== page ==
We have prominent female Scottish party leaders - but where are the rest of the women?

Nicola Sturgeon and Ruth Davidson are leading Scotland's two main political parties, but overall female representation still stands at 35 per cent

Laura Waddell
Saturday 07 May 2016 14:19 BST
Ruth Davidson speaking at the Apex Hotel in Edinburgh, after leading the party to their best ever performance at Holyrood
Ruth Davidson speaking at the Apex Hotel in Edinburgh, after leading the party to their best ever performance at Holyrood (PA)

Why has no progress been made in gender equality in the Scottish Parliament?

Overnight, as the Scottish Parliament election results began to trickle in, a picture began to emerge around the red-eyed hour of 3am of the makeup of our newly elected Holyrood representatives. Although short of an overall majority, the SNP, headed by a jubilant Nicola Sturgeon, are celebrating a historic third term, and Ruth Davidson’s Conservatives have made significant gains at the expense of Kezia Dugdale’s Scottish Labour Party. But as the rosettes are unpinned and the work begins today in forming factions and ruminating over the what-ifs of the complex mathematics of the Scottish proportional representation system, one statistic has remained stubbornly, curmudgeonly unchanged from the last Scottish Parliament election in 2011.

Returning a gender breakdown of 65 per cent male, 35 per cent female in the 2011 election, the new MSPs of five years ago were more diverse than ever before: more diverse, noticeably, than their Westminster compatriots, who stood at 78 per cent male and 22 per cent female at that time. Perhaps it is the case that an older system is less nimble on its feet, with deeper, stickier cultural entrenchments.

There’s no doubt the Independence Referendum of 2014 was also an energising force for the representation of women in politics. During that time, I was struck by the rarity of standing in front of my television after a particularly long day at work and catching an all-female panel discussing the economy and taxation on a news show. They were invited for their expertise on this all-impacting issue and not, as so often the case, restricted to the editorial boundaries of how it pertains to women alone. This, to me, felt like watching the moon landing, in a political media and representational makeup still closer to 1969 than it should be.

SNP wins third term but loses majority

Since then, I’ve noticed more of this phenomenon of women being asked their general political opinions, and yes, I’ve come to expect it. It cheers me that I increasingly notice women, and men, speaking up when gender balance is lacking in political media. Last night’s coverage of the election on BBC Scotland, for example, fared poorly: columnist Lesley Riddoch’s tweets from the media room pointing out the lack of female pundits and wondering why she’d been asked along at all were joined by many others watching at home late into the night. With women taking the top spots in the SNP, Scottish Labour, and the Scottish Conservatives, Scotland is also an outlier when it comes to gender equality in political leadership.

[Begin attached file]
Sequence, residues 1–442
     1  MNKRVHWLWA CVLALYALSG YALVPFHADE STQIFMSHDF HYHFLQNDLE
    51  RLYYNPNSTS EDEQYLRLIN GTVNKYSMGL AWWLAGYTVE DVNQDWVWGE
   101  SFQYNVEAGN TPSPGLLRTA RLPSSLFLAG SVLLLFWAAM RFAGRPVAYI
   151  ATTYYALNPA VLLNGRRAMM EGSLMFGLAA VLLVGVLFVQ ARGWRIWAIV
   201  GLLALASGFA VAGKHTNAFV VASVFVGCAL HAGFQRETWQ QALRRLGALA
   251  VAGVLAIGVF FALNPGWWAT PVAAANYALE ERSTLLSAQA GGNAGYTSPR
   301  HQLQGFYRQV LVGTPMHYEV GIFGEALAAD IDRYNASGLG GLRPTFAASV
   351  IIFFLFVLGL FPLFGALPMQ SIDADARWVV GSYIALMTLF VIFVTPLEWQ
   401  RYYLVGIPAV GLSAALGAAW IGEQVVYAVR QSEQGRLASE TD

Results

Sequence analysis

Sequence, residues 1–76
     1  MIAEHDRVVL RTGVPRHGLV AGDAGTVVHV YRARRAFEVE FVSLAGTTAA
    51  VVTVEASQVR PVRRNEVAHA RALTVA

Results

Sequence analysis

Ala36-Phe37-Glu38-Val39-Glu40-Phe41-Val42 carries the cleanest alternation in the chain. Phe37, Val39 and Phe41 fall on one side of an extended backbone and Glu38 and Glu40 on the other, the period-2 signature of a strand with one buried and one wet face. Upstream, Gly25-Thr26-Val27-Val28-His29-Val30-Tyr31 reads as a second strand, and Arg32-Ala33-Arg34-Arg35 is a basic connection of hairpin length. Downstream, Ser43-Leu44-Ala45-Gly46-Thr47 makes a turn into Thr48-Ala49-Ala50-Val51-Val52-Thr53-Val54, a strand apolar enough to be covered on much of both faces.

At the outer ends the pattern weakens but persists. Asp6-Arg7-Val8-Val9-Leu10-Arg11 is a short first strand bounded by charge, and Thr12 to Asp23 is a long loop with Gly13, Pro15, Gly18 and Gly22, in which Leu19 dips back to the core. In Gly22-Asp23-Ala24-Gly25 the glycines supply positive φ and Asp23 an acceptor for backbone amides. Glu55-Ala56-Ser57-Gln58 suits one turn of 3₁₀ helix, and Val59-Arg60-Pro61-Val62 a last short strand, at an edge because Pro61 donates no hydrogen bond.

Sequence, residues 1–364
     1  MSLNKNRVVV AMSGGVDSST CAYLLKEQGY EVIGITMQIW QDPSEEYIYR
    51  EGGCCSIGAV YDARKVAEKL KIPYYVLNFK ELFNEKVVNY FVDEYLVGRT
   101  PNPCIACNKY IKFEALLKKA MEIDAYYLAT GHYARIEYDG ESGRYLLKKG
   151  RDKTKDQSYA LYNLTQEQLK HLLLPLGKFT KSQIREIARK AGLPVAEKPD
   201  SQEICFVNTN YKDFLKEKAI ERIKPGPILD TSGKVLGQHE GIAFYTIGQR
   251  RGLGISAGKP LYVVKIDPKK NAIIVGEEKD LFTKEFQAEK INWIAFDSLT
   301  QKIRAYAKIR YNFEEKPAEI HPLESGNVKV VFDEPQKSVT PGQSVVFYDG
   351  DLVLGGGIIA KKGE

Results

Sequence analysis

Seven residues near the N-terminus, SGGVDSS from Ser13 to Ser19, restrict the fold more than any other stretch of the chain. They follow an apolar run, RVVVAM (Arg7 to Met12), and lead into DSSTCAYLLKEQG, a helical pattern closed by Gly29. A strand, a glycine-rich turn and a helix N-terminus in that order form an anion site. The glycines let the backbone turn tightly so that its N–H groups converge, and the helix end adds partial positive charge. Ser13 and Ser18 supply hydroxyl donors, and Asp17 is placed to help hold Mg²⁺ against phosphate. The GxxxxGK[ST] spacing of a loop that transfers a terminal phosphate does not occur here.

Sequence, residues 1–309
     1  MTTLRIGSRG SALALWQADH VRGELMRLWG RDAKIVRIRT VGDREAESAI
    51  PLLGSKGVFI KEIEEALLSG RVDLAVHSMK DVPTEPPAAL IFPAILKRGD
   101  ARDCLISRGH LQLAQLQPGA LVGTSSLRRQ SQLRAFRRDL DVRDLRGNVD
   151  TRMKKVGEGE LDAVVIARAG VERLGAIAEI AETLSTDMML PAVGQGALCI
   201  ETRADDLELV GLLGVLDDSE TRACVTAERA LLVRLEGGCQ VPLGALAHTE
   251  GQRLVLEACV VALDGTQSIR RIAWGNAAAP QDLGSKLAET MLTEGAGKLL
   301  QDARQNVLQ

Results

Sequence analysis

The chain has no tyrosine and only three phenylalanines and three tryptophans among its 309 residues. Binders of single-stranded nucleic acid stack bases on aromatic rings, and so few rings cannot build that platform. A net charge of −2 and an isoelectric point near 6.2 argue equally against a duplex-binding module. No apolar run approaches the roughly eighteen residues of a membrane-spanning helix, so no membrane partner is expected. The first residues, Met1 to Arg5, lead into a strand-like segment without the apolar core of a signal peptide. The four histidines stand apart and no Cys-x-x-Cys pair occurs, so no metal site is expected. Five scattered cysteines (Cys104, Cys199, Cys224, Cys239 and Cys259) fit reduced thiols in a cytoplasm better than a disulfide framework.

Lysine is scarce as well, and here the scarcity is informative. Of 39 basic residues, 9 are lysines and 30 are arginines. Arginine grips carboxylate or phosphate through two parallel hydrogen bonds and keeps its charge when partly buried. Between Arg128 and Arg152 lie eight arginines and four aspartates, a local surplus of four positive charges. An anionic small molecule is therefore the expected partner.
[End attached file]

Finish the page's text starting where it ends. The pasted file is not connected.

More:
Women are visible, and increasingly so.

So why is it the case, five years on from these improvements in the gender makeup of the Scottish Parliament, has our moving in the right direction in terms of the makeup of our MSPs ground to a halt? With an increasing number of female candidates, in tandem with a number of parties committing to the 50:50 initiative of putting up equal numbers of male and female candidates, it’s surprising to see the 2016 election has resulted in exactly the same gender breakdown of 65 per cent male, 35 per cent female.

It may take a longer time than anticipated for the plethora of truly excellent but comparatively new female candidates, across all parties, to engage with their constituencies. Here is where better media representation can play its part - with responsibility taken not just by editors and producers, but by parties themselves to ensure they’re actually sending their female representatives on top line issues like the economy and immigration to disrupt the all too common sight of all-male panels on TV, making their new female candidates better known to the electorate. Unless you hold the belief men are inherently more capable than women in political discourse, the only possible explanation for all-male panels is some kind of failure to promote the voices and visibility of women. 'None available' is no longer a palatable excuse in 2016. In addition, to ensure a commitment to gender equality isn’t just lip service but is a dedicated, impactful strategy, parties must take the leap of faith of placing female candidates higher in the List system.

It’s important that in the flurry of calculators and vote charting in the days ahead, we don’t overlook the more nuanced analysis of looking into what went wrong with the good intentions of better gender representation.

The wheels of political change have already been oiled. We may have halted, but I think there are enough enfranchised women and men standing behind this engine to ensure it doesn’t roll backwards.

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